- To ensure that all pupils experience a broad, balanced curriculum.
- To help pupils develop an understanding of how information technology is used in the wider context.
- To encourage pupils to solve problems through the use of ICT by applying associated principles and techniques.
- To allow pupils to experience the range of applications and gain an understanding of their features and limitations.
St. Hugh’s benefits from two ICT suites, as well as a wireless network, that extends over all classrooms. From Pre-Prep to their final term in school, pupils of St Hugh’s will have discrete lessons in ICT as well as opportunities to use information technology in other classes.
During ICT sessions, students will learn a range of valuable skills as well as exploring diverse topics that apply their skills to real contexts. In the early years, pupils are taught key computer concepts, such as typing and basic computer control. They also use a variety of education programs to support their learning in other areas of the school curriculum.
In Middle School, pupils continue to develop their skills in ICT lessons, and extend their experience in support of their topic work. As children progress through the school, so they learn to develop their skills and employ them widely to more complex tasks. In the first two years of Upper school, pupils learn to use spreadsheets, databases and presentation software. In their final years, students work on integrated tasks, such as designing a garden and producing and investigating survey results.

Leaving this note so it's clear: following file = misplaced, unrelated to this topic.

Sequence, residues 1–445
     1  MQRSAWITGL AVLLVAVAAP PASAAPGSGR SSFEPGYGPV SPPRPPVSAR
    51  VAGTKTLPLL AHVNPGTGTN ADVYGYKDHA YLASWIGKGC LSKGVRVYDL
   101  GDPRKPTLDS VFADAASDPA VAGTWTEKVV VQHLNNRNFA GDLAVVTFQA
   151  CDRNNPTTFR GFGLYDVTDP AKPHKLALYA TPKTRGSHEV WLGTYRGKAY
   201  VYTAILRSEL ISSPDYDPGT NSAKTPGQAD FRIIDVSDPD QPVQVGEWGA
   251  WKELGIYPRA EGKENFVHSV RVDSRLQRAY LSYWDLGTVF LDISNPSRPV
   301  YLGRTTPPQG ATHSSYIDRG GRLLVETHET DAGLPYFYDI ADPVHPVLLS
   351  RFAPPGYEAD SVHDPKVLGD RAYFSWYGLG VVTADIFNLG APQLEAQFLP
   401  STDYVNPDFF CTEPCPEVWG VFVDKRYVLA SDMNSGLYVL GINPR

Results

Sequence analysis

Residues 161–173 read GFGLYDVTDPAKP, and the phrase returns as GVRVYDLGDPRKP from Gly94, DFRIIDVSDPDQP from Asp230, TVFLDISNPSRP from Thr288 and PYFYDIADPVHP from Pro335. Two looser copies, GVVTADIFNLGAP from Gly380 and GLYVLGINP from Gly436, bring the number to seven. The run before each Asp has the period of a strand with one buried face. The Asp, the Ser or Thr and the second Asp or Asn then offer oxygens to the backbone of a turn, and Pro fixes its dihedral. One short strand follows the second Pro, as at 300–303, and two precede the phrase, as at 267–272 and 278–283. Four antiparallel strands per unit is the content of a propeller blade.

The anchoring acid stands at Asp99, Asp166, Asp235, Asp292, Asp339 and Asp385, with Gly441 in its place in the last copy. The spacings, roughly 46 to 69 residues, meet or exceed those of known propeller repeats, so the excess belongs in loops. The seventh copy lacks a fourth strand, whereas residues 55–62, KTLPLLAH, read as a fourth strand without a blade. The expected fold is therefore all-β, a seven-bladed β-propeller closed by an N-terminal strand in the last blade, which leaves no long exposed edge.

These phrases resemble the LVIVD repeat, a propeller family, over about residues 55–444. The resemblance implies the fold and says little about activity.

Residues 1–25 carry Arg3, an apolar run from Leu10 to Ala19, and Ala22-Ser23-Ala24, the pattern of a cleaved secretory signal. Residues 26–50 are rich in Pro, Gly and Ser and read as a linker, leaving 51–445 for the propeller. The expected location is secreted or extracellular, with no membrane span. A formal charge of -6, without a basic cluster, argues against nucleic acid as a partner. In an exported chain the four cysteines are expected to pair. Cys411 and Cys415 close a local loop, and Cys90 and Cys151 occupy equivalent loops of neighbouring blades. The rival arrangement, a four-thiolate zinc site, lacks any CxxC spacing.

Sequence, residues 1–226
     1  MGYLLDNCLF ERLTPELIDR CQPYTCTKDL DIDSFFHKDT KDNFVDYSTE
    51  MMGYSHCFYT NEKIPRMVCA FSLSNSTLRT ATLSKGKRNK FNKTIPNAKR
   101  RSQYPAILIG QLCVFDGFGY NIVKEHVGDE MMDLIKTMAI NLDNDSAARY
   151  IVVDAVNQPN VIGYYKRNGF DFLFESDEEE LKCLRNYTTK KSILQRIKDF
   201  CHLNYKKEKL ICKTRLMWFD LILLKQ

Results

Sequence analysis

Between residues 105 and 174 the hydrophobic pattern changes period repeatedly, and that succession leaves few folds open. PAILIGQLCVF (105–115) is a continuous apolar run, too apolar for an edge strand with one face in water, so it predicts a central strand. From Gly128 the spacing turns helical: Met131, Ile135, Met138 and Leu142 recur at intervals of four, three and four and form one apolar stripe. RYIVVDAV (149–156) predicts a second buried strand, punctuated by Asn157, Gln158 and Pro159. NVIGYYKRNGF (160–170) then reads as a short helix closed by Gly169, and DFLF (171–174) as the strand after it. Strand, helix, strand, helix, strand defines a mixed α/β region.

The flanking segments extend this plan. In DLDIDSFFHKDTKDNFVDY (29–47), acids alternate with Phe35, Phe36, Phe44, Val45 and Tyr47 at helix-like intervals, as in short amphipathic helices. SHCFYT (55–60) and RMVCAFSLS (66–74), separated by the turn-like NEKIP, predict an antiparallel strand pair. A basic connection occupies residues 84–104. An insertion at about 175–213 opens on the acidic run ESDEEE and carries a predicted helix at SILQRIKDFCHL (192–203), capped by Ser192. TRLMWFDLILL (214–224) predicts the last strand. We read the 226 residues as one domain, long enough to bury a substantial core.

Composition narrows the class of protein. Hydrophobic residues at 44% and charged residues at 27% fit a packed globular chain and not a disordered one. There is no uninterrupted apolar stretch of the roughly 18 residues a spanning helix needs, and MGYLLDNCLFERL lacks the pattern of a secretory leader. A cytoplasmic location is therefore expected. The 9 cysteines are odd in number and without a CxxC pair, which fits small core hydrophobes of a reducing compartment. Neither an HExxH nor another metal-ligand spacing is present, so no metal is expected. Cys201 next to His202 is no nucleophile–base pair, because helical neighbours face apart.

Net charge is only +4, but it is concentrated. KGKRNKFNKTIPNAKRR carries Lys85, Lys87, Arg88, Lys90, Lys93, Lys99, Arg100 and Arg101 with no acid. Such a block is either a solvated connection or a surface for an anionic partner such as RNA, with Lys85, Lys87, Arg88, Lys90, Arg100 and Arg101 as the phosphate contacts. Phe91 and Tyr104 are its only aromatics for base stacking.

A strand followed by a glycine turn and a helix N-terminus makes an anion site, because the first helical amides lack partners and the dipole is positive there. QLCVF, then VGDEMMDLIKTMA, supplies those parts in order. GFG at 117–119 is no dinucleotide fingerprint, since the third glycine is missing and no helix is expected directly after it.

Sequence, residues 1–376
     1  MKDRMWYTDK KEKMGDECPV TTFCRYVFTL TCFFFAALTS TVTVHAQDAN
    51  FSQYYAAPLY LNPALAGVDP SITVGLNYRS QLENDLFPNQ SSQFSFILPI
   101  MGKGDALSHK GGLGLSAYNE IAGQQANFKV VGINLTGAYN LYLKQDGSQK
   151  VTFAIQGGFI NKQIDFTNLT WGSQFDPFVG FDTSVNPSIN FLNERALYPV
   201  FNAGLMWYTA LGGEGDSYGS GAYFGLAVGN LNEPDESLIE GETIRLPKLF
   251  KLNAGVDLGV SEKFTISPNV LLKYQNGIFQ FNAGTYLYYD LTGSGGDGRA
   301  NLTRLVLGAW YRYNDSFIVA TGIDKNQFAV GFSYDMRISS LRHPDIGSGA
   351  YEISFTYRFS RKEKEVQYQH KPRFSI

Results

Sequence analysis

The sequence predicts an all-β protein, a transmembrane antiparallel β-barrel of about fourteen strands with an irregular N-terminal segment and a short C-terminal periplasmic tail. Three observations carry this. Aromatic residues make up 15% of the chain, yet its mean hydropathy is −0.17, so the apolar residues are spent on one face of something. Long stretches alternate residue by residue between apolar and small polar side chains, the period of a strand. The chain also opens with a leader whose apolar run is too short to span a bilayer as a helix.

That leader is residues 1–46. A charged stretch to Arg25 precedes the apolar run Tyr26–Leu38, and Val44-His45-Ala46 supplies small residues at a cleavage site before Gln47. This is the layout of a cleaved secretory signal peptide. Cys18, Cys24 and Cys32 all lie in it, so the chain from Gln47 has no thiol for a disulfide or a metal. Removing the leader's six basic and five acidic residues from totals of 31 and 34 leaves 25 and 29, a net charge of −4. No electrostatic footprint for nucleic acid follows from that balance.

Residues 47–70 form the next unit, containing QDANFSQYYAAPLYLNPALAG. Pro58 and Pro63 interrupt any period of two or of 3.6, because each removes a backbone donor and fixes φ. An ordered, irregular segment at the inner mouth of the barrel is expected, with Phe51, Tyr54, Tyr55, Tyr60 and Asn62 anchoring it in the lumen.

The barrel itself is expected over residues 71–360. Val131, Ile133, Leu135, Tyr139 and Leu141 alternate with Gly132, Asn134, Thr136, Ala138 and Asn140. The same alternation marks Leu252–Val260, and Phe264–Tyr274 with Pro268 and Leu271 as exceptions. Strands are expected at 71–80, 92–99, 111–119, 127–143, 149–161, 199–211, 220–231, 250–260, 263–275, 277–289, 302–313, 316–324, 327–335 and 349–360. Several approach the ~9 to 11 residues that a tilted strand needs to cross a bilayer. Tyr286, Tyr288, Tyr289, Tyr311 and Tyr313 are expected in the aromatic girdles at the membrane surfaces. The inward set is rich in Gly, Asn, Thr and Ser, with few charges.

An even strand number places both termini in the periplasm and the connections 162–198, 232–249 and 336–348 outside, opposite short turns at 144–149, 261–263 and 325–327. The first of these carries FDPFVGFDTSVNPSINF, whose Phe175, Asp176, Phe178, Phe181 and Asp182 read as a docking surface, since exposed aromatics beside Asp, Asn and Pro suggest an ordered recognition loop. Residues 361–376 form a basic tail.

However, ICT is not all about office tasks and students throughout Upper School learn programming, design, audio editing and web technologies, as well as investigating how the hardware works. Through after school clubs, many will learn about animation and video effects, as well as having opportunities to explore areas of the curriculum in more depth.
The core applications that form the basis of pupils’ work are from the Microsoft Office Suite. However, skills are more important than application knowledge, so a variety of other software applications and utilities are used and students are given the opportunity to make choices about the software they use.
By the time students leave St Hugh’s, they are experienced, independent users of ICT. They are able to make decisions about the resources they use for a task and can combine resources to enhance their work. In today’s technologically advancing world, it is vital that students are able to take command of the computer and not hold the machine in awe.
'The real question is not whether machines think but whether men do'. B.F.Skinner